This week’s reading begins with the words aḥarei mot, literally “after the death of,” and the people whose death we’re talking about are in Lev 16:1. They are Nadab and Abihu, the two sons of Aaron who “claim close to YHWH” and died.
Despite what you might assume from that sentence, they did not die at the end of Leviticus 15; they actually died at the beginning of Leviticus 10, after offering unauthorized fire to God in Lev 10:1 – not one, not two, but three parshiyot ago, at the beginning of Parashat Shemini. So why are we talking about them now? Why does this section begin (or resume) telling the story of what happened after the deaths of Nadab and Abihu?
The shemini of Parashat Shemini is יּ֣וֹם הַשְּׁמִינִ֔י yom ha-sh’mini ‘the 8th day’, the day on which the ritual of the inauguration of the Tabernacle was to finish and life with a Tabernacle was to begin. It might seem quite natural to think that the boys did something wrong when they entered the holy area, and that’s why they were killed. We would therefore have to describe the way Aaron should correctly do it. What’s described in this chapter, though, is a much more complicated ritual.
This ritual includes not merely purging impurity from the altar, from the shrine, and from the people, but also the ritual that we call that of the scapegoat: picking two goats, sacrificing one of them (chosen by lot) to YHWH as a sin offering, and getting rid of the other one by sending it off into the desert to carry away the people’s sins and to die.
If you think about that ritual for a moment, you realize that these are not instructions for something that Aaron must do whenever he wants to go into the Holy of Holies. It is something he does only at a specific time — yet we don’t find that out until quite close to the end of the chapter, in v. 29.
That’s when we finally learn that we’re talking about “the seventh month, on the tenth day of the month.” The 7th month is Tishrei, and the 10th day of Tishrei is what we now call Yom Kippur, the Day of Atonement. Sure enough, v. 30 says: “On this day atonement shall be made for you,” and v. 31 instructs, “you shall practice self-denial.” It is “a law for all time” that we should fast on that day and deny ourselves other pleasures, as a result of which — or at least after which — “atonement shall be made for you” (v. 30).
Once again, though, the chapter is not introduced that way. It’s introduced as talking about an instruction given at a specific moment in Israelite history, “after the death of the two sons of Aaron.”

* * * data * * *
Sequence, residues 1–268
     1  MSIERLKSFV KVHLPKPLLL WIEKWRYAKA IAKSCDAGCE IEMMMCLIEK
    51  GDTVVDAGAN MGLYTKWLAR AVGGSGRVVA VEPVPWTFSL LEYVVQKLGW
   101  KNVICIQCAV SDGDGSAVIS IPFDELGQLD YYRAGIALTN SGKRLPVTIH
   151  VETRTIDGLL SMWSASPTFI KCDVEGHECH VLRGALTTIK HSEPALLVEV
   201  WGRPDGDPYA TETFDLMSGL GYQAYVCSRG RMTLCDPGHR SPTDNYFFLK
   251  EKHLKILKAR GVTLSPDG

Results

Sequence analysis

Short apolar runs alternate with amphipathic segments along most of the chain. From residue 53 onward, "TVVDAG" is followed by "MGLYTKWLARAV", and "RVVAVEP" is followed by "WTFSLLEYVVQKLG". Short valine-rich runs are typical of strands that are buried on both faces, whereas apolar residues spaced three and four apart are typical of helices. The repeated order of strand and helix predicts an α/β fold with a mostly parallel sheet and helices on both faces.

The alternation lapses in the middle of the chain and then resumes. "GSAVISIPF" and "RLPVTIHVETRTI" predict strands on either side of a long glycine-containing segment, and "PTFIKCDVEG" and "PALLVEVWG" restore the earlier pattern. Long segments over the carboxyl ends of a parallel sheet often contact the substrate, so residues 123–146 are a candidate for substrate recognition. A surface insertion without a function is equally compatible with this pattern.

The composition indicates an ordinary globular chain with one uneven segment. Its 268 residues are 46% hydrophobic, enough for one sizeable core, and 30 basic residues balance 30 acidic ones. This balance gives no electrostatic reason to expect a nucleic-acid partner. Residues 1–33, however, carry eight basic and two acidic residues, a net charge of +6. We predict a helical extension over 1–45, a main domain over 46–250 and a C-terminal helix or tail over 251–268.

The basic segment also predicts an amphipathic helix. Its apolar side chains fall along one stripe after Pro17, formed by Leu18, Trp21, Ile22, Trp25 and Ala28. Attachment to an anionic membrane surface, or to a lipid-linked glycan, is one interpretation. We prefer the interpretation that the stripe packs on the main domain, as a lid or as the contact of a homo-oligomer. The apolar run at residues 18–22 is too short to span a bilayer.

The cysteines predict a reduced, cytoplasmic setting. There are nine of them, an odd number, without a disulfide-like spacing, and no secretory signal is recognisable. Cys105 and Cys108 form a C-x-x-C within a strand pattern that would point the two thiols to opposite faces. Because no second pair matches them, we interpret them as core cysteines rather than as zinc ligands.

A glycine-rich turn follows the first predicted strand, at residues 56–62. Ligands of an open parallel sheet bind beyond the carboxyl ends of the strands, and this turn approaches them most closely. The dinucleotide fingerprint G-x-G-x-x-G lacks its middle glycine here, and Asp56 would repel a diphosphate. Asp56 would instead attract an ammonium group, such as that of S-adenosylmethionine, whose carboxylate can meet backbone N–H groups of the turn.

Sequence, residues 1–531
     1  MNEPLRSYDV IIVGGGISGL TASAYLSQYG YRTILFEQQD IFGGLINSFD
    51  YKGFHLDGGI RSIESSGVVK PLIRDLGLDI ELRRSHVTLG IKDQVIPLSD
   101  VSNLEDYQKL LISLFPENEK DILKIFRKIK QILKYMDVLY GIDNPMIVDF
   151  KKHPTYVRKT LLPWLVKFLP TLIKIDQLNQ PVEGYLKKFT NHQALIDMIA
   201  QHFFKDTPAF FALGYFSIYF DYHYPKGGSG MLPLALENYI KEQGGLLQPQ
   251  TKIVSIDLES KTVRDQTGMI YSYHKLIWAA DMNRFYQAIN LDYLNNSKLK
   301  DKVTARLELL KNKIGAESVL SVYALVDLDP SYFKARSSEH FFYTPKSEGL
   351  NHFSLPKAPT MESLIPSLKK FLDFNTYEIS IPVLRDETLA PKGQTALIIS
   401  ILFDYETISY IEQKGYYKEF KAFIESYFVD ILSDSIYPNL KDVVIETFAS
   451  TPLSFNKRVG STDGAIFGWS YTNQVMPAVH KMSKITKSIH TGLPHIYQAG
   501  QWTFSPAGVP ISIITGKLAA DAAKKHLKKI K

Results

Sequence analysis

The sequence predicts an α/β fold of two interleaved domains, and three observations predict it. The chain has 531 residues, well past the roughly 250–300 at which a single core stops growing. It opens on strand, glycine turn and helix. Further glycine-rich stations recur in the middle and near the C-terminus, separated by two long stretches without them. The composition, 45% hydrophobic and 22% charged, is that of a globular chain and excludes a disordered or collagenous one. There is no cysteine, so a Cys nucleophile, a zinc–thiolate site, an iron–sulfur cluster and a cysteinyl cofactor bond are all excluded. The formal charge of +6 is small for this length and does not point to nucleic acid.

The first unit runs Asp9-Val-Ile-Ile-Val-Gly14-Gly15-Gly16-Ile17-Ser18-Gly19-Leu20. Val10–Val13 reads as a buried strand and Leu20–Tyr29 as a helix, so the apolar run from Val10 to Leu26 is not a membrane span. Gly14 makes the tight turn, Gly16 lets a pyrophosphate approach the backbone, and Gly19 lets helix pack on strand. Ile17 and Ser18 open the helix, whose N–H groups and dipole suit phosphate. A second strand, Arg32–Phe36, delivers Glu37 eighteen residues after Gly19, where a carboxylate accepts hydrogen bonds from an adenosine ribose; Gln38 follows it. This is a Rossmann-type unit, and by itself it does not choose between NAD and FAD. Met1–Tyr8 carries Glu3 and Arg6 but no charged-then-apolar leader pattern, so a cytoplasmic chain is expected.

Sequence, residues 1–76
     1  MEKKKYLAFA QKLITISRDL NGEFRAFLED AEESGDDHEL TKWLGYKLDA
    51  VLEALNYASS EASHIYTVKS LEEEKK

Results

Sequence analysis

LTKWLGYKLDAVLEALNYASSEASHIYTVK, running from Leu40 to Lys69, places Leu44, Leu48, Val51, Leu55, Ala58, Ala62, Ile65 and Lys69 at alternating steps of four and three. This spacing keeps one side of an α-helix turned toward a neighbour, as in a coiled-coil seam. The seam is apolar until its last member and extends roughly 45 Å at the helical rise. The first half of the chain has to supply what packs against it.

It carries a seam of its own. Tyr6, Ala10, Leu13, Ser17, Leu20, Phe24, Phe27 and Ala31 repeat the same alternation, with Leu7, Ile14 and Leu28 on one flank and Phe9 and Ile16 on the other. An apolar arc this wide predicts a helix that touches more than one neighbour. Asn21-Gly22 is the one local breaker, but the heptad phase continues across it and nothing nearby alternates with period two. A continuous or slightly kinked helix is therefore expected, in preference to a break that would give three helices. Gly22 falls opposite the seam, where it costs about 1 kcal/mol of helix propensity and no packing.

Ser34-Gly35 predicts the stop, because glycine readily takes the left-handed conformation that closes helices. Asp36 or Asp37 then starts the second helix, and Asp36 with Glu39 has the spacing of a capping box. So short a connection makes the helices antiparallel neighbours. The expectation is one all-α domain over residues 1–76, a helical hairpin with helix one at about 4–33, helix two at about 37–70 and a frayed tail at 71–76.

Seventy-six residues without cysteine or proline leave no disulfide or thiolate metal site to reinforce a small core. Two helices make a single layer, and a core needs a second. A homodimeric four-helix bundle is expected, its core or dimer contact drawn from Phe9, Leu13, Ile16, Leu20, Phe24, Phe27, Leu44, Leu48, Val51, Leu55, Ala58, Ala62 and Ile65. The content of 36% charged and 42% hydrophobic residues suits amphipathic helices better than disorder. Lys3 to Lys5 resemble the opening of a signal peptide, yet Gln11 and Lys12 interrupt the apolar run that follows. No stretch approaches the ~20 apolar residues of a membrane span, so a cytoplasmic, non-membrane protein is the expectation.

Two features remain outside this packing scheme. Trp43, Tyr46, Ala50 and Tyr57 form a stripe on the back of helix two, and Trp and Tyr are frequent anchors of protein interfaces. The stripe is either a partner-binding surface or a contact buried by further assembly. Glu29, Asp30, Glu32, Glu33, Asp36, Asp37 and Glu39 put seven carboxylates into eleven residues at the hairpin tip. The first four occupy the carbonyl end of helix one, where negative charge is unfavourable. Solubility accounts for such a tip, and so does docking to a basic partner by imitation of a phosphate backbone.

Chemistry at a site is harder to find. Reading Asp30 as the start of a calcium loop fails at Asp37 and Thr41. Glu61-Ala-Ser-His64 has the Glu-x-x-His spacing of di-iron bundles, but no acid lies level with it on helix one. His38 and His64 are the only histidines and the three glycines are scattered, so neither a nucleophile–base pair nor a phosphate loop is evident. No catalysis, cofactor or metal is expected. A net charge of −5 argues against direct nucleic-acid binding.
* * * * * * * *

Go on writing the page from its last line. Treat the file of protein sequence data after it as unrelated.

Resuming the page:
What about all the rest of the holidays of the Jewish year? Where do we find them? They are in Parashat Emor, which we’ll read next week. Lev 23:27 says, “The 10th day of this 7th month is the day of atonement [י֧וֹם הַכִּפֻּרִ֣ים/yom ha-kippurim].” That’s where it gets the name that we call it nowadays. In Num 29:7 as well, we read, “On the 10th day of this 7th month you shall have a sacred occasion and practice self-denial. You shall not do any work.”
The day Nadab and Abihu died, I suggest, is the day where our story picks up again when Parashat Aharei Mot starts. YHWH tells Moses, “Moses, you guys have to clean up your act! There’s a tremendous amount of ritual impurity and uncleanness happening right here at the most sacred location on earth, and you’ve got to protect the altar and the shrine from this miasma.”
Miasma — that’s the word that Jacob Milgrom, the great Leviticus expert, liked to use about the poisonous cloud created by sin and ritual impurity that could silently, invisibly infect the holiness of the sacred location where God’s presence was somehow focused.
If you look at how Leviticus 16 is woven into its context, both ritually and literarily, it is the culmination of a series of chapters that (1) outline the sacrifices that are supposed to be made in the Tabernacle; (2) describe the inauguration of the Tabernacle as the center of the sacrificial system; and (3) explain the rituals that govern purity and impurity.
Only toward the end of this chapter does it seem to occur to God that this cannot be just a one-time event. Aaron’s sons died on this most inauspicious day — the first day, even the first few moments, of having the Tabernacle actually in operation — but this is going to keep happening, so I had better have a ritual of this kind scheduled once a year as “a law for all time,” so that this kind of impurity can be cleaned away on a regular basis.
The “eighth day,” yom ha-shemini, of setting up the Tabernacle was not the 10th day of the 7th month; it wasn’t in the 7th month at all. It was back in Nisan, in the springtime. In Leviticus 23 God will tell Moses, “You Israelites need a whole series of ritual occasions, a ritual calendar that is going to keep you on the straight and narrow and that’s going to remind you of the way things are and why they are that way.”
This Day of Atonement will be part of that calendar. But in our chapter it is originally framed as a one-time event. God is realizing as he speaks to Moses that he must arrange to have the Israelites do this every year. That is how Leviticus 16 presents it.
All of which means that ha-yom ha-shemini, this “eighth day” of the Tabernacle being set up and inaugurated, early in the spring, is not only the inauspicious day on which Nadab and Abihu were killed. It is also the day that Yom Kippur was invented.